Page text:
Electoral integrity makes governance legitimate | Magdy Martinez-Soliman

25 Oct 2013

woman in Pakistan conducts polling training Zameer Akhtar conducts a polling training as part of a programme to improve the credibility and reliability of elections. (Photo: Tehseen Oweis/UNDP Pakistan)

In 2002, UNDP published a Human Development Report titled “Deepening democracy in a fragmented world.” The central message of the report was that “effective governance is central to human development, and lasting solutions need to be firmly grounded in democratic politics in the broadest sense.”

A functioning democracy allows all people to participate in decisions that affect their lives and hold their leaders to account. Democratic elections are still one of the most powerful and effective means to ensure such political accountability and are central to our human development approach.

From countries emerging from conflict to peaceful, established democracies the ultimate aim of national authorities should be to conduct elections that are a legitimate and sovereign expression of the people’s will. The Sixth Global Electoral Organization (GEO) Conference, which I attended in Korea last week, highlighted the importance of sustainable electoral processes for strengthening democracy by looking at the integrity and inclusion of electoral processes; the central issue of  the capacity and professional development of electoral management bodies; and the challenge of cost-effectiveness in electoral processes.

Integrity is key to a credible electoral process. Electoral integrity is more than the mere absence of political manipulation and fraud, however. It includes a commitment to  design and align the electoral legal framework, rules and practices with international human rights and electoral commitments. It also includes a full commitment to transparency, inclusivity, professionalism, honesty and a full and genuine engagement with key electoral stakeholders – electoral contestants, the legislature, voters, the media, civil society, the security sector, etc. – in order to arrive at an electoral outcome acceptable to all.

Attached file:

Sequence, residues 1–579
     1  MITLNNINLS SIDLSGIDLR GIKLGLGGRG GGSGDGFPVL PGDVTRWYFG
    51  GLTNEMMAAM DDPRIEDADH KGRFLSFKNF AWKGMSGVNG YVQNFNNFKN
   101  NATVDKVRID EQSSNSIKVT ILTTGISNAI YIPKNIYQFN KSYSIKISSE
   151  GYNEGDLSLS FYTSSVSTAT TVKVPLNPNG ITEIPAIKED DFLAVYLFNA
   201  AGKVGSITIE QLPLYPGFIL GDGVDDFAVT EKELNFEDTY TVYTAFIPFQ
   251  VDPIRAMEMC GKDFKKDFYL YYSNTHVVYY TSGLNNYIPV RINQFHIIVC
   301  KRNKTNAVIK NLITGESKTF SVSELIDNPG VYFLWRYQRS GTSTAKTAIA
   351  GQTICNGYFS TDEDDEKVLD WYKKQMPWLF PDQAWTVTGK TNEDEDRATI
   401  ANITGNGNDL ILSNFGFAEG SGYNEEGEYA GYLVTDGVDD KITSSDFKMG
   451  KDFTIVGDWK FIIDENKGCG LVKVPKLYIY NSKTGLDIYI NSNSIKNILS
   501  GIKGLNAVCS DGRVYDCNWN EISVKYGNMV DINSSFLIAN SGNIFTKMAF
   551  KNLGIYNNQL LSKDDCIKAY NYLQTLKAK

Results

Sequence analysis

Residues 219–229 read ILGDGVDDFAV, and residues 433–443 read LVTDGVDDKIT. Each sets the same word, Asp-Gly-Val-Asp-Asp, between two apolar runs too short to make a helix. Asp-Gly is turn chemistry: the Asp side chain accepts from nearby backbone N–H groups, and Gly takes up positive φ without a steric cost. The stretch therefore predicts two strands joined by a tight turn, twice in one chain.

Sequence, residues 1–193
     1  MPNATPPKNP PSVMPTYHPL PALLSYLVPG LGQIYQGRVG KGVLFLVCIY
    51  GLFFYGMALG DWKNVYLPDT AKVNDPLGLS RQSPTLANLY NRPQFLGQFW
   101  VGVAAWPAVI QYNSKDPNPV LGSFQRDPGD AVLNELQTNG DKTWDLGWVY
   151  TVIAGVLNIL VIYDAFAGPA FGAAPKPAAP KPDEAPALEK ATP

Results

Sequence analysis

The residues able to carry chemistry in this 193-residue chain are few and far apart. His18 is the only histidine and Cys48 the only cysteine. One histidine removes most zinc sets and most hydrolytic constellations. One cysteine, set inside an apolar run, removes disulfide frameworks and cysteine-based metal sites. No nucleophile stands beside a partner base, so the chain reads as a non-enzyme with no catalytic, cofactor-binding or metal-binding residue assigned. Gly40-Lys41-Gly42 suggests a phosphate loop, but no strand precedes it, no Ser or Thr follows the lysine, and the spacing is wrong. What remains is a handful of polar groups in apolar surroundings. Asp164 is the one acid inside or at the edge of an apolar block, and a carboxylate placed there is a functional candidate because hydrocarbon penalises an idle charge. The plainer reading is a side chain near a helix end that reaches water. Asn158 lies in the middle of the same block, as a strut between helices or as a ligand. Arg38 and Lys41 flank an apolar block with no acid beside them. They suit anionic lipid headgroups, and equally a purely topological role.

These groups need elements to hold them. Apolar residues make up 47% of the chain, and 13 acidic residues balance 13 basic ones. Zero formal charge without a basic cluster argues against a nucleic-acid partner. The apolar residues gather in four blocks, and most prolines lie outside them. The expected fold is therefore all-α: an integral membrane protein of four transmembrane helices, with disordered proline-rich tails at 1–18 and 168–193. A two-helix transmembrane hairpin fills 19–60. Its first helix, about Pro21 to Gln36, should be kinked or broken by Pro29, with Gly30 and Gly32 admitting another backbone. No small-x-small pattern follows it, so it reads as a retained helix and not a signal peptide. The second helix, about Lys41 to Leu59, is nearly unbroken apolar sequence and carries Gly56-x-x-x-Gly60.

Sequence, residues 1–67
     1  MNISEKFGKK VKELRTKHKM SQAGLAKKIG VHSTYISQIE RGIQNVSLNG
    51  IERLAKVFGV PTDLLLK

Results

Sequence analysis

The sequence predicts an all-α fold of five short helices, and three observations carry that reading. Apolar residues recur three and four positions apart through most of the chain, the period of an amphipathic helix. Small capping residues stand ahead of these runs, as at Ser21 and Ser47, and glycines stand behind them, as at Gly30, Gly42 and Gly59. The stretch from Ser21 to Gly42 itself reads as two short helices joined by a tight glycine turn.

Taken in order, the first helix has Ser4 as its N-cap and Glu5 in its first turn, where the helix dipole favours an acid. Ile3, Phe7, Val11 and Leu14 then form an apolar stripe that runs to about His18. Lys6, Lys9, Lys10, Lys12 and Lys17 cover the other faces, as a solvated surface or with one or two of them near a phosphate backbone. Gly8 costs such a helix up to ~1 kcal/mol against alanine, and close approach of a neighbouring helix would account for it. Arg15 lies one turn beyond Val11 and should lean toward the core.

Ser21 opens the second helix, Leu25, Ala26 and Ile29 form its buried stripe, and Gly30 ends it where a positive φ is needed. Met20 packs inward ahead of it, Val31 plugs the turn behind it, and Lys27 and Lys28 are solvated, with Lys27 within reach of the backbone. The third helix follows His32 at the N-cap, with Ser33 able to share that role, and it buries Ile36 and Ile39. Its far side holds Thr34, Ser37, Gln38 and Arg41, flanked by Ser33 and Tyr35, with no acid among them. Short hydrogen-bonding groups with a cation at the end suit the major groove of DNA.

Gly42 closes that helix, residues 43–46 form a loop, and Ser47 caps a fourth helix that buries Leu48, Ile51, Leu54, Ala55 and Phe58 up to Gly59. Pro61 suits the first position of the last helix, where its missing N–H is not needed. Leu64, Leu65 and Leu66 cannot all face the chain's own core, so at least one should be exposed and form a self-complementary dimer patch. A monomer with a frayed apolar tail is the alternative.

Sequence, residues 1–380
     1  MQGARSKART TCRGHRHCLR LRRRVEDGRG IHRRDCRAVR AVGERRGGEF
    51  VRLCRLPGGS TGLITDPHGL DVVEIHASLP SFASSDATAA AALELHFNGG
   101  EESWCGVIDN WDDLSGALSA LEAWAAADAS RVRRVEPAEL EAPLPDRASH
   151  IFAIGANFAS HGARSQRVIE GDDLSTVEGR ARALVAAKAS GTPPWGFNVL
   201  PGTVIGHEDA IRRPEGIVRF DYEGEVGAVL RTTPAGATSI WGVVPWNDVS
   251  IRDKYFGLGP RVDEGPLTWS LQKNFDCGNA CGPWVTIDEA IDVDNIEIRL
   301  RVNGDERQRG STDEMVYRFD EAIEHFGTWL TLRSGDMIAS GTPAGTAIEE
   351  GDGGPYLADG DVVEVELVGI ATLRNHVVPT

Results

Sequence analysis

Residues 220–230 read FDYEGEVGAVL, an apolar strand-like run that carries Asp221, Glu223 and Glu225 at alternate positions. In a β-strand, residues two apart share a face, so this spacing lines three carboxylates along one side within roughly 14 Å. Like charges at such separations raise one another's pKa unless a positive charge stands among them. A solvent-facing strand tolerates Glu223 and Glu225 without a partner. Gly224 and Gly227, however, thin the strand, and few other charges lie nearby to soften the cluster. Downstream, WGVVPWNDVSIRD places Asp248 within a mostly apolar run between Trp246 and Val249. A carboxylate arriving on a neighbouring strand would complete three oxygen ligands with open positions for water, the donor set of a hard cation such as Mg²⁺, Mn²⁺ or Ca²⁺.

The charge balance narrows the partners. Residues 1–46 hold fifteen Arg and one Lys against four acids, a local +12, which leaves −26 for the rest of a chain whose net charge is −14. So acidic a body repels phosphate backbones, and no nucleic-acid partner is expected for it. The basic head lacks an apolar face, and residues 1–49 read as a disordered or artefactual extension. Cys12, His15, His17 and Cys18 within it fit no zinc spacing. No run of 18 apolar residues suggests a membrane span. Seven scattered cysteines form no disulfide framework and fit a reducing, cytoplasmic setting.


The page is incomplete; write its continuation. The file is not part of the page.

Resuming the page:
The GEO Conference followed a series of important debates at the UN in New York, where Member States reiterated the importance of a strong post-2015 development agenda, which will build on the foundations laid by the MDGs, complete unfinished business and respond to new challenges, reaffirming the importance of promoting human rights, good governance, the rule of law, and transparency and accountability at all levels. Electoral processes remain key to honor these commitments. 

A modern election is as much a societal exercise as it is an administrative one. Economic, social and political opportunities are tied to the larger goals of sustainable democratic and human development. We cannot achieve this unless we also reduce poverty, address issues of corruption, guarantee access to justice for all and ensure economic empowerment alongside political empowerment.

Talk to us: How can we ensure an inclusive process and address women’s political and electoral participation?

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